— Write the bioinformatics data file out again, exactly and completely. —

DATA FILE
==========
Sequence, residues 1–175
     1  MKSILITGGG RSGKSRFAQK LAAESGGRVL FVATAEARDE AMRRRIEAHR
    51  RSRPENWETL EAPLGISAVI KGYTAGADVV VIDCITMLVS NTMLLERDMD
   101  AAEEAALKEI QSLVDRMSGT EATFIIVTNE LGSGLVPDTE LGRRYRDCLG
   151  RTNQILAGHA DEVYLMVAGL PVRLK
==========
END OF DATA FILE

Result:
Sequence, residues 1–175
     1  MKSILITGGG RSGKSRFAQK LAAESGGRVL FVATAEARDE AMRRRIEAHR
    51  RSRPENWETL EAPLGISAVI KGYTAGADVV VIDCITMLVS NTMLLERDMD
   101  AAEEAALKEI QSLVDRMSGT EATFIIVTNE LGSGLVPDTE LGRRYRDCLG
   151  RTNQILAGHA DEVYLMVAGL PVRLK